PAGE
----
Here’s More Evidence of UFO Reality!

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posted on Oct, 7 2012 @ 04:51 PM
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I'd like to bring this point up to people who are saying that eyewitness testimony is not evidence. It may not be conclusive evidence, especially if from a single source, but in a court of law eyewitness testimony weighs heavily and can easily be the main thing that causes a judgment of guilty verdict. Is it proof? Maybe not. But there are too many people who sound like they are just being straight up and sincere when they relate their stories that the weight of numbers at some point must really make us stop and seriously consider there may be something to all of this.

That or there is a conspiracy of people all over the world and from early times to perpetrate some epic elaborate hoax, which is far more ridiculous to me than the possibilities of both interdimensional and ETH or some combination thereof. Sure there are those who make up their stories for attention or money, and then those who are probably the vast majority who misidentify something, but too many qualified people such as air force, pilots, police, military etc. etc. report sightings that imo to not think there is something strange going on in the sky is pretty much being in denial, for whatever reason that is, probably fear of the unknown or for other reasons, but i think fear is a big factor.
edit on 7-10-2012 by Runciter33 because: (no reason given)
edit on 7-10-2012 by Runciter33 because: (no reason given)
edit on 7-10-2012 by Runciter33 because: (no reason given)
edit on 7-10-2012 by Runciter33 because: sloppy editing wow




posted on Oct, 7 2012 @ 05:05 PM
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reply to post by Runciter33
 


Eyewitness testimony alone will almost never be taken as proof of anything.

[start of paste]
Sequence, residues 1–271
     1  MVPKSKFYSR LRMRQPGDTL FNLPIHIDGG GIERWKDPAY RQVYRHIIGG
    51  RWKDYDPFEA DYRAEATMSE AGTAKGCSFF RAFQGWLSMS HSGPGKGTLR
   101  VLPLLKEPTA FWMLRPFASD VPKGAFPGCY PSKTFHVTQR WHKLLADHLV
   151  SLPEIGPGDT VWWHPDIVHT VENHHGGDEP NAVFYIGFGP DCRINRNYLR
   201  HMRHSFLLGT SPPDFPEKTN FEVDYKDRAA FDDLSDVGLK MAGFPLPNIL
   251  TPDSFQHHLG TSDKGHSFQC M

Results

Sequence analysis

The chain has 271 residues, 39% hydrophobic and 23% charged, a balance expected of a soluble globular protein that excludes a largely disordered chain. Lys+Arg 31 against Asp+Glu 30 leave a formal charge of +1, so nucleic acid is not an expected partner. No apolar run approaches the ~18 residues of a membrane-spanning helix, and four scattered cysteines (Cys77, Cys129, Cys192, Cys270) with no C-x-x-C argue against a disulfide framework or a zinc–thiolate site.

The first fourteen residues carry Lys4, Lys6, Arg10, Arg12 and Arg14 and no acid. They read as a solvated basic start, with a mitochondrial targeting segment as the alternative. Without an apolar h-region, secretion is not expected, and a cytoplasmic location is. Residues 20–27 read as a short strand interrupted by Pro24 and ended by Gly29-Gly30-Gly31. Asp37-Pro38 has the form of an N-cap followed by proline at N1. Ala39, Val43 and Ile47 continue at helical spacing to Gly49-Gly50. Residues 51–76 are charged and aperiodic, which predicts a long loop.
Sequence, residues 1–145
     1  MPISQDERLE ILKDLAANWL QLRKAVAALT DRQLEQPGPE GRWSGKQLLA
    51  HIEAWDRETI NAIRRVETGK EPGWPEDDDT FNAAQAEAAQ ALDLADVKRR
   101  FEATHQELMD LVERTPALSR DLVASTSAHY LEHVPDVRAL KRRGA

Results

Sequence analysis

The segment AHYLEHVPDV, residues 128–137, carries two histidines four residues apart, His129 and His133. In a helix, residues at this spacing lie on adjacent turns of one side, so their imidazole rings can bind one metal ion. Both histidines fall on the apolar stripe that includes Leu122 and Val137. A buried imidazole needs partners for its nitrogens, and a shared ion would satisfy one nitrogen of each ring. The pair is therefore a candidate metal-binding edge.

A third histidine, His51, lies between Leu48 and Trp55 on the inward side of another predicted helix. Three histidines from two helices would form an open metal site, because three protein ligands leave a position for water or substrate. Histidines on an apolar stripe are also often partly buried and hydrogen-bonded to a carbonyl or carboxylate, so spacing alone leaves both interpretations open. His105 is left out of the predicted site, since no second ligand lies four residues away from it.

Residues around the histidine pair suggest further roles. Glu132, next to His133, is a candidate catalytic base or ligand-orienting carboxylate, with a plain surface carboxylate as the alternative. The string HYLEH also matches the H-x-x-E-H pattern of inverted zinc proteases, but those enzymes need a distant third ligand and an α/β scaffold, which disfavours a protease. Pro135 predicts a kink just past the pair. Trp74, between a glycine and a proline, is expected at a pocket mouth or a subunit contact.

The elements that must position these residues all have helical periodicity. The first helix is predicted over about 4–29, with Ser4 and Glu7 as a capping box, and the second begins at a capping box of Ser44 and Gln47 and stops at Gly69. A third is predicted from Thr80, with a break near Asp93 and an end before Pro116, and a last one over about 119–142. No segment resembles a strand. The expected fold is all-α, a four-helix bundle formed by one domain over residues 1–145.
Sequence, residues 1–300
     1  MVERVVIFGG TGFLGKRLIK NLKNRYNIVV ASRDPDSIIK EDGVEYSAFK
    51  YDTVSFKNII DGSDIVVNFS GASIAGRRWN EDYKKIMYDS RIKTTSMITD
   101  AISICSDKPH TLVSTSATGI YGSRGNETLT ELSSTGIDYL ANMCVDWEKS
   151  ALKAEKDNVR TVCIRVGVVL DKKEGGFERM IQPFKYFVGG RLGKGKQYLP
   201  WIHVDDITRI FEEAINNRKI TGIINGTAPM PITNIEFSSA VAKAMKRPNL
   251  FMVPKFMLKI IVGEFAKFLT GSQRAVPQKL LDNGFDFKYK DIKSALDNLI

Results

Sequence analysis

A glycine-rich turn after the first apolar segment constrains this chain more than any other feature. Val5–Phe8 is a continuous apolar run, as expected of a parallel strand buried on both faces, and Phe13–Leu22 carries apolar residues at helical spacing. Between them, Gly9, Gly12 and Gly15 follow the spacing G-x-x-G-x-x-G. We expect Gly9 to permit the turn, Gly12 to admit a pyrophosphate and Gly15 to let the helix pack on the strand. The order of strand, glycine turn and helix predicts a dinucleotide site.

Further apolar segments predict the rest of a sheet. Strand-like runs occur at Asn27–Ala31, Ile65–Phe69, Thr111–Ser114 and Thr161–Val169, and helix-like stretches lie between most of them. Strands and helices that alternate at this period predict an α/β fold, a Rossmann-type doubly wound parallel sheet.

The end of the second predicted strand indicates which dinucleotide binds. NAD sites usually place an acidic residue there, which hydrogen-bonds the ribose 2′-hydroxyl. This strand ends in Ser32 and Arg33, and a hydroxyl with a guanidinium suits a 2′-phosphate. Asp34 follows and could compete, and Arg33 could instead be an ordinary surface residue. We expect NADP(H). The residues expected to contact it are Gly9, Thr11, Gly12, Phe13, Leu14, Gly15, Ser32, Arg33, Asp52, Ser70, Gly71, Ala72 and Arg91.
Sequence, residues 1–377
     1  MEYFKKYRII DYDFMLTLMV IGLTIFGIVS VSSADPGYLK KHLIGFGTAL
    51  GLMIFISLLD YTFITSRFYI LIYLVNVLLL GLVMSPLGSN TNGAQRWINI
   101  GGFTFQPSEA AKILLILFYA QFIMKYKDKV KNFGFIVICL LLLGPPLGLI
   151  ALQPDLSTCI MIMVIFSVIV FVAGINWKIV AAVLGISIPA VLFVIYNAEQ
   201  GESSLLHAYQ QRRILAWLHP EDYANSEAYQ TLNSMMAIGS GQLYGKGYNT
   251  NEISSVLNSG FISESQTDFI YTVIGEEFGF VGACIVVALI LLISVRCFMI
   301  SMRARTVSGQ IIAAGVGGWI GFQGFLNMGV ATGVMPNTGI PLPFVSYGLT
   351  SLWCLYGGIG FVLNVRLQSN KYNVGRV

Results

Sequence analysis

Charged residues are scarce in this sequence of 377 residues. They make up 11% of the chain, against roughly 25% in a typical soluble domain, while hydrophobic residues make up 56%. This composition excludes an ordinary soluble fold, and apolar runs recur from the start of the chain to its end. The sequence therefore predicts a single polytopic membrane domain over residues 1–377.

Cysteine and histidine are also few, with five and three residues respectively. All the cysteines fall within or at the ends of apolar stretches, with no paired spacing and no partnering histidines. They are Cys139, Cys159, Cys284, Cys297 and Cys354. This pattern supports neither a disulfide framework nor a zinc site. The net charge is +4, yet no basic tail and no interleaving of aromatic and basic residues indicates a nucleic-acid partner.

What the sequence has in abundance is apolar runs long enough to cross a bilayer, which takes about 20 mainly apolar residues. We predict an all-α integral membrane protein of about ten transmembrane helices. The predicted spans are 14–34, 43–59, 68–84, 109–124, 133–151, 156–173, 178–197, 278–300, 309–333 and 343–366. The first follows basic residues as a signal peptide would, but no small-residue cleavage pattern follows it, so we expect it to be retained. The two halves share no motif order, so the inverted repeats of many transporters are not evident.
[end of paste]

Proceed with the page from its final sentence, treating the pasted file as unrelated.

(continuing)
The standards of a court of law are much higher than your own.



posted on Oct, 7 2012 @ 05:55 PM
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reply to post by Runciter33
 


Well, don't tell greeneyedleo that. Eye-witness testimony ain't what it's cracked up to be. Besides, I don't see many people saying, "You didn't see that." The real question is, can you tell us what it is without making stuff up?

But I'd like to address more of the "trained observer" issue. I hear this all the time. The meme is that pilots, policemen, military personnel, etc. are more qualified observers than the rest of us because they are somehow "better trained" as observers.

There is no real evidence of that. They are people just like us, with the same tendancies of interpretation that anyone has. I'm a pilot and I've been in the military. I have a relative and two friends who are cops, and I see no evidence they are better at observation either. They can't even shoot straight at a range (something I gleefully point out to them when I whoop their butts!) I've been through flight school to the commercial level, and not once was there any special "observation training" that made me a better observer than you are. I've been trained in tha air and the only "observation training" I've been taught is "Avoid blinking lights" because whether it is a radio tower, another airplane, or a UFO, you don't want to hit it.

So I don't believe certain classes of people are better observers, and I use my own experience as an example. There is no credible evidence that this is true and using it as an argument is not credible either. In the absence of any evidence of trickery I'm willing to take accounts at face value and accept them. So a guy saw a light in the sky. Someone else saw a metal disk. OK. Fine. I believe you. Now what? In almost all cases, that's where we have to stop.



posted on Oct, 7 2012 @ 07:04 PM
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Originally posted by longlostbrother
reply to post by Runciter33
 


Eyewitness testimony alone will almost never be taken as proof of anything.

The standards of a court of law are much higher than your own.


The standards of a court law give much weight to witness testimony, especially if there are several witnesses, which is the case in several instances of ufo sightings.



posted on Oct, 7 2012 @ 07:12 PM
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Originally posted by schuyler
reply to post by Runciter33
 


Well, don't tell greeneyedleo that. Eye-witness testimony ain't what it's cracked up to be. Besides, I don't see many people saying, "You didn't see that." The real question is, can you tell us what it is without making stuff up?

But I'd like to address more of the "trained observer" issue. I hear this all the time. The meme is that pilots, policemen, military personnel, etc. are more qualified observers than the rest of us because they are somehow "better trained" as observers.